Nathan Rittenhouse: No, I think we just made some bold statements, but that's interesting just to sit with for a moment and think about. That's what I say.
Cameron McAllister: So this is Thinking Out Loud and we're talking about framing this in terms of Christian hope, so let's try to think along those lines here as well.
Nathan Rittenhouse: Now that we're dun, dun, dun, duh.
Cameron McAllister: Yes, yes. But I mean as Christians.
Nathan Rittenhouse: Okay, so here, let me put you back to your answer, what you're about to say.
Cameron McAllister: Sure.
Nathan Rittenhouse: So if we could create a villain, then the next thing that we're looking for in the narrative plot line is a savior. Who's the good guy who solves the problem?
Cameron McAllister: Well, okay, so let's complicate it again. The good guy for many people just died under mysterious circumstances. He was 34 years old. He was the doctor who was the whistle blower and initially his death was misreported because, have you seen the mourning for this? We need to look his name up here real quickly because it's escaping me right now. But the degree of national mourning that has happened for this doctor in China has been really remarkable to witness, because initially. Yeah.
Nathan Rittenhouse: Well, and there's a whole interesting category of mourning and protesting simultaneously. We should take that up sometime to as a-
Cameron McAllister: Right. [crosstalk 00:21:12] So there's a political element there as well because initially if the reports are to be trusted, he had already died, but reports were still being disseminated that said that he was in critical condition, but he was gone at that point.
Cameron McAllister: And so when that fact emerged, there was a lots of outrage over the way and the manner in which this was reported. Obviously he was a person who was, he was seemed to be already under suspicion. But there's your, if you want the villain, we don't have the villain yet, but if you want the hero in this human side of the drama, right? You could make a good case that it was that doctor. So you can see how that would add not only insult to injury, but more confusion, more fear to the escalating situation there on the ground.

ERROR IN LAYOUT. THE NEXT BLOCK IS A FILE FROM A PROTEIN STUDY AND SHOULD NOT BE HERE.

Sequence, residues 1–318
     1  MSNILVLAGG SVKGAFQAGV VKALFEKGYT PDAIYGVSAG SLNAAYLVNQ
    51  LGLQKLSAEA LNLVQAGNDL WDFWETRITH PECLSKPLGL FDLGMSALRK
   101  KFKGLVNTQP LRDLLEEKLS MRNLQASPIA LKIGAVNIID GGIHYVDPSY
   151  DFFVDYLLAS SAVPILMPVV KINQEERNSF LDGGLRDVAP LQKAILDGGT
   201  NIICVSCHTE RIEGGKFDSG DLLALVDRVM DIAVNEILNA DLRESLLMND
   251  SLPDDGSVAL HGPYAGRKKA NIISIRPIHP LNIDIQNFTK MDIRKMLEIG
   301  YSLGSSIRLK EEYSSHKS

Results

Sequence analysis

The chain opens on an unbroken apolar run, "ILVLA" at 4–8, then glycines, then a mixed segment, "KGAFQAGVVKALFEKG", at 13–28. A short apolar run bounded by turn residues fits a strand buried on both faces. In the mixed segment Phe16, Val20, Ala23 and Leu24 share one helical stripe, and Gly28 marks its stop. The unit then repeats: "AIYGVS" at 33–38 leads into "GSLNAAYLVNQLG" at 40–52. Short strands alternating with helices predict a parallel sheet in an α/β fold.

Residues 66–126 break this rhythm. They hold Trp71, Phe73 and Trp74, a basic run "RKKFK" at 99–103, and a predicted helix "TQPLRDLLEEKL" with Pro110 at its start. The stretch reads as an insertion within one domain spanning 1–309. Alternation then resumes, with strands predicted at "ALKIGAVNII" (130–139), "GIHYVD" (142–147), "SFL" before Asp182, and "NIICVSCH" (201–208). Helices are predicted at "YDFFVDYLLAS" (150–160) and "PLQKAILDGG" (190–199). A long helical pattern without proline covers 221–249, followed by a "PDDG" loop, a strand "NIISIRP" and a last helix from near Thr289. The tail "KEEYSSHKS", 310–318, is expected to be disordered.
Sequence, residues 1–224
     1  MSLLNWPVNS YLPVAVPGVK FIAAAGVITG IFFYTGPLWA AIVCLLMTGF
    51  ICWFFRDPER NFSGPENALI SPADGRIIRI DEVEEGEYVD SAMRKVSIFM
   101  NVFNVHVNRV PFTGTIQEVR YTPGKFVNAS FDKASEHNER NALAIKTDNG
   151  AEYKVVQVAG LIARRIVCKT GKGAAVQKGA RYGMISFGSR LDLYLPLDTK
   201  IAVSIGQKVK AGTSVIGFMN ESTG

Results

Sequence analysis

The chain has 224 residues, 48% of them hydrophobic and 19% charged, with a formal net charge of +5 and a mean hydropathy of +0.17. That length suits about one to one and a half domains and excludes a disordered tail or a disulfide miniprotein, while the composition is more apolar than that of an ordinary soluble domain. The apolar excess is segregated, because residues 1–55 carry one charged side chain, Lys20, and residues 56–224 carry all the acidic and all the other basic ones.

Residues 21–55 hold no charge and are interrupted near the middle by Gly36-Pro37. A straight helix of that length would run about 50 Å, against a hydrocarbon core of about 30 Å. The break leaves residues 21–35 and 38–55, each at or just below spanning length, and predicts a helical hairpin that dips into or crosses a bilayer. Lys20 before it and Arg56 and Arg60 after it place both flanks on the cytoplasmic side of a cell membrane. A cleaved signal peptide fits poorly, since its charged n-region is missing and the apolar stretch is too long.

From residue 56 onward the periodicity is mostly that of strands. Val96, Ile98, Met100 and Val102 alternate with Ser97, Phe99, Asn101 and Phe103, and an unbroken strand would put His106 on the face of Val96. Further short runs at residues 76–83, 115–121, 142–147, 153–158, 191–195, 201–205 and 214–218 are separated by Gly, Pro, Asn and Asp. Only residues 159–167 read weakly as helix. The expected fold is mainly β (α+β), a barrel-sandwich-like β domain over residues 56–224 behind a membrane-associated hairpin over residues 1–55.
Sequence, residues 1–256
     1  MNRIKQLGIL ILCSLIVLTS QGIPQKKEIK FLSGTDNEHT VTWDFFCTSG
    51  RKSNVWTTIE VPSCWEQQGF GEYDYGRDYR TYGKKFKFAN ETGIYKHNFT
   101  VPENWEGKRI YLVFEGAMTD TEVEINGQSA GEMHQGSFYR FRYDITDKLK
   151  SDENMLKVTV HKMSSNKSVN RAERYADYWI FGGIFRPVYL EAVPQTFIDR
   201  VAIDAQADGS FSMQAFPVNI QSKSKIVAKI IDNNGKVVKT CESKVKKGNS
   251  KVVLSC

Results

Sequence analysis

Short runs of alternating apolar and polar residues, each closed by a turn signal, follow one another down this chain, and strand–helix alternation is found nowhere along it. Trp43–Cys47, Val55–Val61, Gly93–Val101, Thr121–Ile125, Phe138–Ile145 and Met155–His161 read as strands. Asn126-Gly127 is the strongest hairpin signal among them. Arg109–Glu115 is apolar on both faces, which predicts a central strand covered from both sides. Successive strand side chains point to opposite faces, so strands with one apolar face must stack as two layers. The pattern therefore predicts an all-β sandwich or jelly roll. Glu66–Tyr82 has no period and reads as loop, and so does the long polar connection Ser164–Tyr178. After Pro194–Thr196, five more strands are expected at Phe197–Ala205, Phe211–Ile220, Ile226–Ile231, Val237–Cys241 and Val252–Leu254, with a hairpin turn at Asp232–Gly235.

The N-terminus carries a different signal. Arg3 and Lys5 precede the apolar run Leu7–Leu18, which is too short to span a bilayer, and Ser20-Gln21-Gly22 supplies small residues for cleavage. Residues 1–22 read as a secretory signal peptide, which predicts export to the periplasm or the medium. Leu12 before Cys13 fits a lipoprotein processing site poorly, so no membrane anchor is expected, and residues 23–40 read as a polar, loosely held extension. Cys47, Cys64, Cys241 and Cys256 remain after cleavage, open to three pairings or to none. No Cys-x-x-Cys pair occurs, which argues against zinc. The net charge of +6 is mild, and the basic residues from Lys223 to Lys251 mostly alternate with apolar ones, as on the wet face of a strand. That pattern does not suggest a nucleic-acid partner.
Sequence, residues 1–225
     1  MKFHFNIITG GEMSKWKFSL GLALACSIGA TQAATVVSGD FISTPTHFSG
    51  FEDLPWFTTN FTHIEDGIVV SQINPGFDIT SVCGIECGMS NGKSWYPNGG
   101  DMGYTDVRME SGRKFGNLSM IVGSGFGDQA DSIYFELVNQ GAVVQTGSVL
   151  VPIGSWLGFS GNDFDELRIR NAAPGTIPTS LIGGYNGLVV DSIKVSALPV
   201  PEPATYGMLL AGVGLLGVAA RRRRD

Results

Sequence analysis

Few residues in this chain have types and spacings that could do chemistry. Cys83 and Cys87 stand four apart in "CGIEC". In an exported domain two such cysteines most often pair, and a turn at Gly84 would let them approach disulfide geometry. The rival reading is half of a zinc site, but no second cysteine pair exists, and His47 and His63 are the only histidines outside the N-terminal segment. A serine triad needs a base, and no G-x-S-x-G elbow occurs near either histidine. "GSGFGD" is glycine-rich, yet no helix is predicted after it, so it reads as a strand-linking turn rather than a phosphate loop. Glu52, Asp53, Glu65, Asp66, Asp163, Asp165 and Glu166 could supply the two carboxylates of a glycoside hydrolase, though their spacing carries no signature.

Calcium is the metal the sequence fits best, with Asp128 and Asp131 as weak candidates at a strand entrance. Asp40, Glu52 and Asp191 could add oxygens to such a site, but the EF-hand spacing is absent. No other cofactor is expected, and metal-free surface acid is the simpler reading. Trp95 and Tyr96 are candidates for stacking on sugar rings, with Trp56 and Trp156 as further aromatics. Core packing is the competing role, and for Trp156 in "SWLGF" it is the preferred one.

Nathan Rittenhouse: Yeah. Was that your response to hope?
Cameron McAllister: Was that, yeah. Was that, yeah. Right.
Nathan Rittenhouse: That the savior has died, the hero has died. Let's talk about hope.
Cameron McAllister: Yeah. Well yeah, every day I keep thinking about, and you could of course watch footage of this too, but what it's like for people there on the ground who have now been land locked essentially or house bound unless they have to venture out bravely to try to get some food, if there is any. Since what? December I think.
Nathan Rittenhouse: Yeah, it's been a while.
Cameron McAllister: I mean the whole thing's at a shutdown. And of course you mentioned the economy and declining stocks. I mean again, this is the nature of a globalized world, right? Where this kind of a thing has huge ramifications, not just for the people on the ground but also for the world economy, political ramifications. But again, so as I'm thinking as a Christian, when I look at all of this, I think one of my first impulses is to pray for these people of course as well and also I think for me personally, Nathan, it's been praying for my own heart in all of this, that I wouldn't be sucked into what I think are deeply heinous mindsets that would denigrate people or look or somehow put them into a different category.
Cameron McAllister: I think because it's just amazing. Something like this happens and you can see how easily discrimination begins to take root in your heart. I mean this, we're talking here about the outbreak of a virus and this is leading us to, I mean they're just, I think often of Paul's really arresting and terrifying phrase in Romans where he talks about in people who are outside of Christ that are not following his rule being inventors of evil. And I just, I mean I think about that only we human beings can take something like this and spin it in such a way that we can actually marginalize a whole people group on the basis. And that's not always what's happening, but so praying against some of those awful thought forums that infiltrate us and I think that's one way I'm trying to respond. I always sound so negative on this podcast, so maybe you need to balance me out here a little bit. What is wrong with me?
Nathan Rittenhouse: So there are two parts there. One is a callous, not forming a negative opinion off of somebody just because of the subtle voices of the news in the back of our mind, but then there's also, I think the thing that as Christians we want to be mindful not to become callous toward suffering. I saw a couple of weeks ago when this was just starting to get going, you see Apple stocks are going to take a hit because a lot of their production comes from this region, and is your form of suffering that you own Apple stock and your stocks going to dip for a few weeks here because of this? I mean, talk about a first world processing of real people dying someplace else. I mean, to me that is another form of, I don't even know what to call that, of not, what is that even? It's just selfishness and self-interested.